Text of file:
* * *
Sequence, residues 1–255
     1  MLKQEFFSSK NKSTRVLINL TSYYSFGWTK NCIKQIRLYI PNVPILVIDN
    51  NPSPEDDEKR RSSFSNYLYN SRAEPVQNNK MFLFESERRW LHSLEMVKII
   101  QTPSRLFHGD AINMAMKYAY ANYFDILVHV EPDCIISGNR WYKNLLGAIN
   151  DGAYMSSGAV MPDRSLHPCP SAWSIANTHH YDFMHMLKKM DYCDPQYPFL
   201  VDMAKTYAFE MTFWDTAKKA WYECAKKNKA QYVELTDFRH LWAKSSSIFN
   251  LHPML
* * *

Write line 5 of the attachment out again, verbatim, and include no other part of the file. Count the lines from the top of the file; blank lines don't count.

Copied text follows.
   151  DGAYMSSGAV MPDRSLHPCP SAWSIANTHH YDFMHMLKKM DYCDPQYPFL